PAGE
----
Q: How did First Databank and McKesson benefit from this alleged scheme?
A: The lawsuit alleges that McKesson and First Databank conspired to artificially increase the markup between AWP and Wholesale Acquisition Cost (WAC) on hundreds of drugs, which would increase the “spread.” The case alleges that this benefited McKesson because it benefited McKesson’s customers (pharmacies and large institutional buyers), who would thus be more likely to purchase their drugs from McKesson than from a competing wholesaler. The case alleges that the scheme benefited First Databank because it encouraged pharmacies and others to purchase and use First Databank’s publications, which listed higher AWPs, than publications of First Databank’s competitors.
Q: Who is affected by AWP?
A: Private health plans (including Medicare Part D plans), which provide prescription drug coverage for a majority of Americans, still overwhelmingly use AWP to pay pharmacies for the prescriptions their members fill. The manipulation of AWP increases their drug costs by billions of dollars every year. This, in turn, hurts consumers, as health plans pass on these expenses to their members, in the form of higher premiums and higher copayments. Higher premiums make it harder for employers to offer health insurance, and for lower income workers to pay for health insurance even when it is offered. This in turn increases the number of uninsured people and the burden on public health programs such as Medicaid. AWP inflation thus has a ripple effect throughout the entire h! ealth care system.
Q: Will consumers be eligible to receive money from this settlement?
A: No. This settlement achieves a massive rollback in drug prices. It does not involve a payment by First Databank of money damages. Although consumers and health plans will not receive cash as part of this settlement, they will get the benefits of $4 billion in savings from the rollback, and the enormous long-term savings that will come from First Databank’s ending the publishing of AWPs.
Q: Has anyone discontinued the use of AWP?
A: After a number of government reports over several years documented massive overcharging of government health programs due to AWP inflation, both Medicare Part B (which pays for drugs administered in a doctor’s office) and Medicaid are phasing out the use of AWP and adopting other, more transparent benchmarks to decide how much to pay for drugs. Several states, such as Texas, try to force drug companies to verify the accuracy of their published AWPs. .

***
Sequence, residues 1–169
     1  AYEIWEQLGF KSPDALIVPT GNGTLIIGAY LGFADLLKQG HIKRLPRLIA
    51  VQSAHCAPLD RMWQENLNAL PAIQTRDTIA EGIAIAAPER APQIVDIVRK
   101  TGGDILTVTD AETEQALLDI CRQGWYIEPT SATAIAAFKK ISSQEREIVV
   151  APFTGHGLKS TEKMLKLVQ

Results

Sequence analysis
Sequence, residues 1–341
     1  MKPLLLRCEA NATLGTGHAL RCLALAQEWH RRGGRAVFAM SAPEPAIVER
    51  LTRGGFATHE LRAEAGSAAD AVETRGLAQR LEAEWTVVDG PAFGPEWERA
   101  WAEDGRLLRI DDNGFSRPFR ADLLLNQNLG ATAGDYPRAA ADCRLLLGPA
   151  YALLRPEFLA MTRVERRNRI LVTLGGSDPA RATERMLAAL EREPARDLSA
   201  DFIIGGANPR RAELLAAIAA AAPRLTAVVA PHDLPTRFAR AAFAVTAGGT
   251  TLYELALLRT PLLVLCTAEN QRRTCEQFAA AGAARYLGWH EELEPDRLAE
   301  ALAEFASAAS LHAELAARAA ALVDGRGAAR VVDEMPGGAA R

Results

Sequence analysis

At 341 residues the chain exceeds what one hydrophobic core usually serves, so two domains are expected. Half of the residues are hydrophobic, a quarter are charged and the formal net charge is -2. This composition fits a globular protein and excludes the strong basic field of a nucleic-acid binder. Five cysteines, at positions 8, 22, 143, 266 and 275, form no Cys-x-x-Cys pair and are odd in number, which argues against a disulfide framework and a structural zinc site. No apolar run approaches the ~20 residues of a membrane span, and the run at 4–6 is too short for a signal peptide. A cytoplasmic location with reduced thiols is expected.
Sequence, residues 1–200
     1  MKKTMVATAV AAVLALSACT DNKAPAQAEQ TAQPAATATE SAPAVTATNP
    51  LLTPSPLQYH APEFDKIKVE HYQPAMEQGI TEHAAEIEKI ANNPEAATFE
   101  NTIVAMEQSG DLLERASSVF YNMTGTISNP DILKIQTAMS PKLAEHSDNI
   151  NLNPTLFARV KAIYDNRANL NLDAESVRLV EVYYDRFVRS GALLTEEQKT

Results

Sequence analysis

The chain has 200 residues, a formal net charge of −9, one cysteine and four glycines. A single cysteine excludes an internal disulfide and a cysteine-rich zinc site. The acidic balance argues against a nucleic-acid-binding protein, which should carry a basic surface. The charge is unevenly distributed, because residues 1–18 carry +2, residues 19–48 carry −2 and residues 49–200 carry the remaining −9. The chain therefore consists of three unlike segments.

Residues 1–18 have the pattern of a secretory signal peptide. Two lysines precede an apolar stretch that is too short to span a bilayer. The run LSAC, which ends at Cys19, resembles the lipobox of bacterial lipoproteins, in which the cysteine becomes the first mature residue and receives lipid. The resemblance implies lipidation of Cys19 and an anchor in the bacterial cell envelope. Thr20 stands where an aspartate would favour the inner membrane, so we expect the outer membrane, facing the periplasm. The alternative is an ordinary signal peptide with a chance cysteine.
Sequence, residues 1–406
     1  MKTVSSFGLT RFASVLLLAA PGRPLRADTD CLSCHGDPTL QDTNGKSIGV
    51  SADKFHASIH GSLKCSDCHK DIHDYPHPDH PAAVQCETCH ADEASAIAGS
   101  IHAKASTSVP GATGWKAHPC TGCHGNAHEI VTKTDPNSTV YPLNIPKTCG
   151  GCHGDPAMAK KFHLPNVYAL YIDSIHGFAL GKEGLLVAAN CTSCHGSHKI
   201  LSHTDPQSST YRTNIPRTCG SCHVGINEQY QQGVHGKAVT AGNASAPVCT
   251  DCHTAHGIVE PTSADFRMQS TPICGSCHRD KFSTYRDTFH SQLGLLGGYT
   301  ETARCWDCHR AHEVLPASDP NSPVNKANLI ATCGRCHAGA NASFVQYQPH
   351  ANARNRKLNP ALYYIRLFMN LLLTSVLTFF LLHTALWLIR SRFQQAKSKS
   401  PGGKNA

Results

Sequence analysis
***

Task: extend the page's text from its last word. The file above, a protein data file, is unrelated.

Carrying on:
Q: Are PAL members involved in other cases concerning AWP?
A: This agreement falls on the heels of a $70 million settlement by drug maker GlaxoSmithKline (GSK) over claims in the In re Pharmaceutical Industry Average Wholesale Price litigation brought by PAL members and others. That case alleged that GSK had defrauded cancer patients by illegally inflating the AWP for two cancer drugs to increase their own sales. That case continues against dozens of other major drug companies.
Q: What is the future of AWP?
A: First Databank, the main publisher of AWP data, has agreed to go out of the business of publishing AWPs, as long as its competitors do likewise. Following the settlement, private health plans are likely to shift over time to more accurate and transparent benchmarks as AWP data becomes unavailable. They may shift to using Wholesale Acquisition Cost (WAC), which is based on what wholesalers pay drug manufacturers, or to Average Manufacturers’ Price (AMP), which Medicaid is slated to begin using in 2007.
Q: Will eliminating AWP mean the end of the manipulation of drug prices?
A: No. Unscrupulous industry players will always try to manipulate whatever system is in place. The other available benchmarks are more transparent, and thus less susceptible to manipulation. Although no system is fraud-proof, the greater the transparency and accuracy, the harder it will be to manipulate prices. The end of AWP should mean a massive reduction in the manipulation of drug prices through illegal tactics. However, aggressive monitoring and oversight by state and federal governments is necessary to ensure that drug industry players do not engage in this kind of fraud.